For this business, image really is everything
The picture of health isn’t always a conventionally pretty one. It’s usually black and white and sometimes out of focus. But it can save your life. Today’s picture of health is called imaging.
The Sedalia Imaging Center takes such pictures. The business opened in January and celebrated a grand opening last month. It provides MRIs, an abbreviation for Magnetic Resonance Imaging; DEXA scans, which detect calcium and minerals in bones; X-rays; and ultrasound images.
“We wanted to give people another option,” said Alice Kiburz, an ultrasound technologist at the center, in an interview on Tuesday. “We’re not affiliated with any other hospital.”
In the past, X-rays and other imaging exams were usually done at hospitals, but specialty health service businesses are popping up. The only other place in Sedalia that offers imaging is Bothwell Regional Health Center.
Kiburz said flexibility is one of the center’s strong points.
If you have a doctor’s order, you can make an appointment, or in some cases, drop in, have an exam and be on your way. You don’t deal with physician or hospital bureaucracy.
“DEXA and X-rays are done on a walk-in basis,” Kiburz said. “They come in and get their tests done. There’s not any preparation.”
Though the imaging center opened in January, Kiburz said its grand opening was delayed because the business wanted to make sure insurance companies would cover the work done there.
“It took a while to get insurance companies aboard,” she said.
Business is great, she said. “As we’re bringing more insurance companies on line, they are bringing more patients to us, and we’re getting more referrals from existing customers.”
Kiburz also said the rates Sedalia Imaging Center charges can be hundreds “and sometimes a thousand” dollars less than rates charged by hospitals.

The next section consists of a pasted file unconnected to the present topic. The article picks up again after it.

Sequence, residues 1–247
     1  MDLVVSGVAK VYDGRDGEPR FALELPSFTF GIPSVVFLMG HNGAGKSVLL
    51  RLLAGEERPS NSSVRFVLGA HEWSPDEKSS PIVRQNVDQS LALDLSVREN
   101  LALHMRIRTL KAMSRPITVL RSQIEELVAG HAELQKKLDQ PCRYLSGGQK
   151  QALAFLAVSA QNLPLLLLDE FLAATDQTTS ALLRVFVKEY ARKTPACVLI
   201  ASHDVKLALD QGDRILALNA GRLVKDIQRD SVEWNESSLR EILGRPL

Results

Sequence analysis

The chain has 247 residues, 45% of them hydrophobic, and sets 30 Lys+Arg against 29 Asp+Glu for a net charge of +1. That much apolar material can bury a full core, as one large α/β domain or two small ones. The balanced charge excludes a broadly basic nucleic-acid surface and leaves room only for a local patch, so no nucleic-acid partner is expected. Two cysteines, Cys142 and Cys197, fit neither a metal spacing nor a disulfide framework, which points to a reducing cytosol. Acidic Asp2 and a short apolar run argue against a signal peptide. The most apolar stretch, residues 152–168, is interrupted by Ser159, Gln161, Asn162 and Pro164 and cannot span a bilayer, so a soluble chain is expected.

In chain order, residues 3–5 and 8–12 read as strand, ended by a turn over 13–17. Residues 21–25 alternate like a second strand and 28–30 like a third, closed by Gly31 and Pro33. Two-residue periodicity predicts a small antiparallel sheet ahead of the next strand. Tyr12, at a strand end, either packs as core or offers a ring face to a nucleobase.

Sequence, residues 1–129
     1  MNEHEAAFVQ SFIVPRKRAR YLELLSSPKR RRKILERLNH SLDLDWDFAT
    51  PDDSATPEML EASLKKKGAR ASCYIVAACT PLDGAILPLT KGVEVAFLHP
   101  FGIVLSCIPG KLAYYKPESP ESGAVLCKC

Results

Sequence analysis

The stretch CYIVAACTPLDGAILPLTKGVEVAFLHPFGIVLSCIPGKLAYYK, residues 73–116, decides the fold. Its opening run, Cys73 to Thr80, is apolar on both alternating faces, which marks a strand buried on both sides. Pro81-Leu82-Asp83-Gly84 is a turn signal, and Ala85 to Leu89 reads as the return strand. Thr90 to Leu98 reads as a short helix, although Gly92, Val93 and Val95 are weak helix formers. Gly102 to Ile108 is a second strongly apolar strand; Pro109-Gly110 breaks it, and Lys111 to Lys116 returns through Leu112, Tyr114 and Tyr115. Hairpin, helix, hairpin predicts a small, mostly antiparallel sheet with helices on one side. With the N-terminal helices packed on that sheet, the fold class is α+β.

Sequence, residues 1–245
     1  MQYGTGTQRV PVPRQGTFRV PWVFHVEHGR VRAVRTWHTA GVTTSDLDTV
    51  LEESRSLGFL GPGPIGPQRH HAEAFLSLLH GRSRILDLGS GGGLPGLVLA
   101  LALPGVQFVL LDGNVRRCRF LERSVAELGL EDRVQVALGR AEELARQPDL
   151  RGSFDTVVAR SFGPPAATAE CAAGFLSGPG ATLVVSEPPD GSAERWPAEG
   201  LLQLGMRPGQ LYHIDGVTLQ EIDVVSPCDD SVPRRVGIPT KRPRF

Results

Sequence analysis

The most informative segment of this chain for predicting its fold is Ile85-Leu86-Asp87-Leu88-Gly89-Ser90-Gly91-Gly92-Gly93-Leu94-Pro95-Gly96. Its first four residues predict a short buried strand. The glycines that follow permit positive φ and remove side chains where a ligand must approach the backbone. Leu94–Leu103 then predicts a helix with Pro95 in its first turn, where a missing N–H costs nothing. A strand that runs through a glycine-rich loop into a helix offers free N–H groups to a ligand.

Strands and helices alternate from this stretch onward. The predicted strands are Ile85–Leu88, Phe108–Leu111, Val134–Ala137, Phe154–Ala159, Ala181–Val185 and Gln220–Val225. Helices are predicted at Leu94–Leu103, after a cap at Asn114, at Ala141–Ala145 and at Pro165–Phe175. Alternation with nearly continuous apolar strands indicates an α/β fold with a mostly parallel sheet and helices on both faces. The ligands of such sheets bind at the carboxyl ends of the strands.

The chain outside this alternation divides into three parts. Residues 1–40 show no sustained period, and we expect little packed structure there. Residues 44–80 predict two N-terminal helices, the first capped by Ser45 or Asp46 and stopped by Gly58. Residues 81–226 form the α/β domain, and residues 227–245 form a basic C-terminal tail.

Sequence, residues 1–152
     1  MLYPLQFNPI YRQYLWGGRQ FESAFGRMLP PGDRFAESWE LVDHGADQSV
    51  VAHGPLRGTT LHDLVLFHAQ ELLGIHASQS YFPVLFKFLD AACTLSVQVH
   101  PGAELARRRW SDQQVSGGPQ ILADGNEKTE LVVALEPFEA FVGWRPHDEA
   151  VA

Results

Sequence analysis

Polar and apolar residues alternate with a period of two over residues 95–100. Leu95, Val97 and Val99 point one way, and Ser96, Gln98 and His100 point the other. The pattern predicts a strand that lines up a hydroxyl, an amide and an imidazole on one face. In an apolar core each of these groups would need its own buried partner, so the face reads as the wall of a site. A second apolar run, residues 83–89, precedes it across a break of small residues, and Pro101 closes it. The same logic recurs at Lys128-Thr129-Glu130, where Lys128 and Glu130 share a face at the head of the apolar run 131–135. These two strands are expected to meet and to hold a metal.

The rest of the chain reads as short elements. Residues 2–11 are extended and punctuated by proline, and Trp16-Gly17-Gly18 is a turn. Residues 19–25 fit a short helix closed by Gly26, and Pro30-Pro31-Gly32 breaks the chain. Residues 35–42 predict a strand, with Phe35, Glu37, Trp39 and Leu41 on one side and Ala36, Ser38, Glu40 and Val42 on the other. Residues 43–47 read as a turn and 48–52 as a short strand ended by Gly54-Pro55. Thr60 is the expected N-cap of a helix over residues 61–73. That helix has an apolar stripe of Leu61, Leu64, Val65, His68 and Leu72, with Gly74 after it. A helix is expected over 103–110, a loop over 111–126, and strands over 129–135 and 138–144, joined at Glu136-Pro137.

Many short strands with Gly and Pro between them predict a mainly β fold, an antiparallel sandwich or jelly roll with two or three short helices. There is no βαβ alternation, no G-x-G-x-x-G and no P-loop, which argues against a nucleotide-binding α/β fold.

“We offer good rates for our pay patients,” she said, adding that in some cases, people would rather pay for exams out of their own pocket rather than going through an insurance company, even if they have insurance.
“Some people have found it to be less expensive than to wait for insurance, and they go ahead and have the exam,” she said.
The equipment is more advanced at the center than in other places, as well, Kiburz said. She cited its open MRI machinery, which, instead of enclosing patients in a tube, is open on the sides, making it less claustrophobic. The machine also can hold patients weighing as heavy as 500 pounds.
“The technology improves all the time,” she said.
One of the more popular exams is called the 3D/4D OB ultrasound. This is done in a room large enough for a family, featuring a large flat-screen TV, where everyone can view the first photos of a fetus in the womb.
“It’s really kind of an event,” Kiburz said, with customers getting those photos placed on a compact disc, which then can be posted on a Facebook page.
These exams don’t require a doctor’s order and cost $120.
“People want their children to be part of the experience,” Kiburz said, adding that it seems easier for customers to schedule a 3D/4D OB ultrasound rather than take the family to a doctor, especially if the family’s primarily interested in getting photos.
“We do have a well-qualified staff,” Kiburz said, emphasizing how staff members have had fellowships to get specialized training. All of the technicians are board certified.
Kiburz is a University of Missouri-Columbia graduate who previously worked at Fitzgibbon Hospital in Marshall.
Other technicians are Krista Phillips, on X-ray and DEXA scans, and Richard Schumacher, who does MRI scans. Belinda Hicken handles office duties. Lasha Dalakishvilli is office manager.
Kiburz said the business is owned by a group of physicians.
Phillips is a graduate of Otterville High School, and Kiburz is a Smith-Cotton alumna who lives in Sedalia.
“It’s a benefit to know the people who are here,” she said.
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